Building a culture of accountability will set an organization on the path to excellence rather than mediocrity. Organisational culture encompasses everything from a company’s values and beliefs, leadership styles and operational policies and how these elements work in concert to impact and empower employees.
A culture of accountability enables an organization to achieve excellent results and a high level of growth. Expressing company culture through effective people processes and creating a work environment that is conducive to growth will ensure that departments throughout the organization consistently achieve and even exceed their targets.
A high-performance culture prioritises employee growth and development, focuses on employee engagement which improves retention rates and creates room for employees to innovate and try new things which improves organisational agility. This article aims to elucidate the factors that are critical to building the right culture.
Set the Direction
If no one knows the destination, no one will get there. Many organisations neglect to communicate the ‘big picture’ to their employees in an engaging manner. One key for unlocking human potential is to define the purpose of your organization and connect the people to this purpose. Employee engagement is boosted when people feel a sense of purpose in their tasks and understand the integral roles they play in the overall success of the business. Inculcating a mindset that is focused on performance and growth is achieved when employees feel that they are valued and that they are actively engaged in building something they believe in. Involve your employees in developing the organization’s purpose through company culture surveys, town-hall meetings, and through constant and consistent communication practices and encourage continuous dialogue.
Goals should be set that resonate with the changes in the business environment to ensure they are still relevant to the situation on the ground. These goals should be specific, measurable, achievable, realistic and time bound. Ensure that employees have all the resources they require to achieve these goals and that the goals set are realistic. It is better to focus on a few key goals then dilute the focus of your staff. If employees are spread too thin then the quality of their output will suffer.
Organisational goals must be linked to individual goals so that they are aligned. Clearly defined expectations at the individual, team, departmental and company level will ensure the company moves in the right direction and that employees have clarity. Linking goals with the ‘big picture’ will also motivate employees and help them understand the broader purpose of the tasks they are working on.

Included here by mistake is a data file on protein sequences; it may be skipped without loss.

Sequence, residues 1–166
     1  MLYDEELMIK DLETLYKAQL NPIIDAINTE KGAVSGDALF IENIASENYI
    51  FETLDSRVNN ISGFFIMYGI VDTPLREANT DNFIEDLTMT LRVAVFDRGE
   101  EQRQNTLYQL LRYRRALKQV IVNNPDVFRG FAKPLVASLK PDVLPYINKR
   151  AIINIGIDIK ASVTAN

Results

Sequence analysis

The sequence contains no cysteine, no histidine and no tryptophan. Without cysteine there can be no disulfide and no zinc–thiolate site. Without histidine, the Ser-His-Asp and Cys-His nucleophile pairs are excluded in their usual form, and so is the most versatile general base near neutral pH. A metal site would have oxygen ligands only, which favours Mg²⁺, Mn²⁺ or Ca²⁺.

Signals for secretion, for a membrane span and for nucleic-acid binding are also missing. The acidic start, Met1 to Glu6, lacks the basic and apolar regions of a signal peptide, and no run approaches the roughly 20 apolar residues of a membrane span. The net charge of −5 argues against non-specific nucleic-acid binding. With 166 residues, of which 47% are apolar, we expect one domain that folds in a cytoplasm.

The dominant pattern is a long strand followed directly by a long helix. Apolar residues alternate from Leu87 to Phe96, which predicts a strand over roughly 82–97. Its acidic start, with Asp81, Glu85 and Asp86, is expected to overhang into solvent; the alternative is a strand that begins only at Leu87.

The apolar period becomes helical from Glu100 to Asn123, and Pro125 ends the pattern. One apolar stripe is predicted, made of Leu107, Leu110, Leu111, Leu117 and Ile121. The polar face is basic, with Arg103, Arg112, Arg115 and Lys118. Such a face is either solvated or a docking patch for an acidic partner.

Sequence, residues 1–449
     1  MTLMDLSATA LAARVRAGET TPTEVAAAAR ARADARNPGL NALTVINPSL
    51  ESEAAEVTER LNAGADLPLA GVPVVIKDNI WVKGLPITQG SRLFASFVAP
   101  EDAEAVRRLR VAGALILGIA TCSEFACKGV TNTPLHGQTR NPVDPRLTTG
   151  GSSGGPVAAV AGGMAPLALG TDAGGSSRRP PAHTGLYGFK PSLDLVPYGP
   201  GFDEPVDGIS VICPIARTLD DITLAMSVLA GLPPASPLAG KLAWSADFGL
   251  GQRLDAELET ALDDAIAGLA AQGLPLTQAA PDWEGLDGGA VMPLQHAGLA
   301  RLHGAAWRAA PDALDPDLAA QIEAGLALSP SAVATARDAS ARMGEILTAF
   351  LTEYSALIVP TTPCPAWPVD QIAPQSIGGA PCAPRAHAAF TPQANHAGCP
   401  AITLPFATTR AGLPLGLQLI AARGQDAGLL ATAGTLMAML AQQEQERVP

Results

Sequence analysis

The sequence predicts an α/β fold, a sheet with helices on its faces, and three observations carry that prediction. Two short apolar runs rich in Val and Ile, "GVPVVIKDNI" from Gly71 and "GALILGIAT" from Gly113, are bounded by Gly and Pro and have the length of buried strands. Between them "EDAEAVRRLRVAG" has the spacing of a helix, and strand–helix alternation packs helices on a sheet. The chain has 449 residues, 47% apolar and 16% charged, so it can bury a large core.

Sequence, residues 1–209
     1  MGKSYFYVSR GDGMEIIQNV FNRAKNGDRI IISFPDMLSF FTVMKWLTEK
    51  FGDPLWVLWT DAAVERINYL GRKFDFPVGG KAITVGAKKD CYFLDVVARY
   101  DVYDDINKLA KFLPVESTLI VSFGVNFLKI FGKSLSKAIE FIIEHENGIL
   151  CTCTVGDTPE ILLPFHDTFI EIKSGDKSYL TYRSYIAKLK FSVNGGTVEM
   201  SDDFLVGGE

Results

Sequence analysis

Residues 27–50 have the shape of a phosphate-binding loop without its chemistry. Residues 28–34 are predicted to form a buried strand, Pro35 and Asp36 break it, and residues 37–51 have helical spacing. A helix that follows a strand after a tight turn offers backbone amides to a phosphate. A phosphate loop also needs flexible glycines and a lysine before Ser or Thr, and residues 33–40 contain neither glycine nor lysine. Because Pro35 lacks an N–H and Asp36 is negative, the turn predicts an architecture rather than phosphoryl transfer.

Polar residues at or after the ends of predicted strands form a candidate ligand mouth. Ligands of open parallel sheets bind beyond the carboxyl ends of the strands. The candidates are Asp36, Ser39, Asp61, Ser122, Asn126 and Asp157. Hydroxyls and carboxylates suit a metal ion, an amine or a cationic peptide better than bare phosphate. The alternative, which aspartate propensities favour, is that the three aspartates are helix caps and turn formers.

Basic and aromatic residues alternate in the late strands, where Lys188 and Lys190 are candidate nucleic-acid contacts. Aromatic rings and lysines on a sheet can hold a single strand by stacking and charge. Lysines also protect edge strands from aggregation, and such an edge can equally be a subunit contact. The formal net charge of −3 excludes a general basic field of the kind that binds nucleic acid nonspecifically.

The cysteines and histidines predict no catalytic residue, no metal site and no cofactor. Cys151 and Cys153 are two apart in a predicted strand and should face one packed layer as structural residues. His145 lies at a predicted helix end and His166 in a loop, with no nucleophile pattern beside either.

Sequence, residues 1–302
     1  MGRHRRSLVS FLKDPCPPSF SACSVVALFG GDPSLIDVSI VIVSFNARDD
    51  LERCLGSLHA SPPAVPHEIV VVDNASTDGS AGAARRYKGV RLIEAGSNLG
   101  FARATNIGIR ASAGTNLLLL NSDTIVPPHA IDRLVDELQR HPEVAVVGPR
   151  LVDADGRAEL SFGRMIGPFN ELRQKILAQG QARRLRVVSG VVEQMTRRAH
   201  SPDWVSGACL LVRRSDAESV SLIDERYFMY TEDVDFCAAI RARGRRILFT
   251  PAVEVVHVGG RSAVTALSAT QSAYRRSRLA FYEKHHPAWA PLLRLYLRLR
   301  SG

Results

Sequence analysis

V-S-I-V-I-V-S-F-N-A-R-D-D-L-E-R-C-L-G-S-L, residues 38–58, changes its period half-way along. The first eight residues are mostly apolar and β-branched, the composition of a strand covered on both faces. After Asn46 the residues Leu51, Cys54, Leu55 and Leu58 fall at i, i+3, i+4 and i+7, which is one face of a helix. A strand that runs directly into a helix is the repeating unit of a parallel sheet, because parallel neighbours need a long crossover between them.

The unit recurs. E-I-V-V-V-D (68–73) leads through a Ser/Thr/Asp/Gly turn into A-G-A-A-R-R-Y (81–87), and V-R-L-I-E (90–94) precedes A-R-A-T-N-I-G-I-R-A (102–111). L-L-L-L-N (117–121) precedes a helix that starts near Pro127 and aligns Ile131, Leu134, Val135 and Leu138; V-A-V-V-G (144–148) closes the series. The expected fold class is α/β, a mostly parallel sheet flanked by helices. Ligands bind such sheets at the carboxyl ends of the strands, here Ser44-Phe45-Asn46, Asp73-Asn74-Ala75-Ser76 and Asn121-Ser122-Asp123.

Once employees understand what is expected of them, having an established system to measure performance is critical. Accountability is important. Performance measurement systems and regular meetings between supervisors and their direct deports will help drive performance. A feedback culture will help employees to grow and develop. The system should seek to build the confidence and capability of employees rather than just criticise them for perceived inadequacies.
Recognize and reward good performance. When employees feel their output is valued and recognized, it encourages them to deliver more value. Appreciation and gratitude are underrated in most companies. High-performance teams look forward to delivering outstanding results because they know they are valued.
Check the Culture
Peter Drucker, the legendary management consultant famously said that, ‘culture eats strategy for breakfast.’ Good leaders know their strategy must go through their culture to be successfully achieved. Does your culture help or hinder your goals? Create a culture that is healthy, high performing and people-centric. Be intentional about how you shape your cultural norms. Build trust in your employees and motivate them the right way and you will reap the rewards that will be inevitable as your culture shifts to a high-performance culture.
Become Data-Driven and Monitor Progress
Technology can help you track project progress and therefore allow you to course-correct as necessary to stay on track. Data is a business asset that cuts across organisational boundaries and flows through an organization. Harnessing the power of data can help a company improve its processes and minimise inefficiencies, gain insights into market trends, track the progress of goals and objectives and improve resource allocation and deployment. Embracing technology and having the right systems in place will facilitate the process of collecting and managing data.
Finally, it is important to exercise compassion. Supporting your team during times of stress and guiding them will be a testament to your skill as a leader. Never burn your own employees. Remember as a leader it’s important to hold your people accountable but ultimately you are accountable. If they have not performed, you first need to check if there is room for improvement in your leadership. Learn to motivate people and bring out the best in people. Accountability always starts with the leaders in an organization.
Article by Shailja Sharma, SBS Faculty Member and Leadership and Career Coach